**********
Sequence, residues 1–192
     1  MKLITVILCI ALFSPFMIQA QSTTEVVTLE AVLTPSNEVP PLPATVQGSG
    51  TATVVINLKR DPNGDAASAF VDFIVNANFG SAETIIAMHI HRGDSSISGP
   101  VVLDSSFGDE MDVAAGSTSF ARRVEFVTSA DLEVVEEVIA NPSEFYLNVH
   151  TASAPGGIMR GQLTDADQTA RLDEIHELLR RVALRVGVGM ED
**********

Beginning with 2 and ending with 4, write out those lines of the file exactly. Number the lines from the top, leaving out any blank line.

     1  MKLITVILCI ALFSPFMIQA QSTTEVVTLE AVLTPSNEVP PLPATVQGSG
    51  TATVVINLKR DPNGDAASAF VDFIVNANFG SAETIIAMHI HRGDSSISGP
   101  VVLDSSFGDE MDVAAGSTSF ARRVEFVTSA DLEVVEEVIA NPSEFYLNVH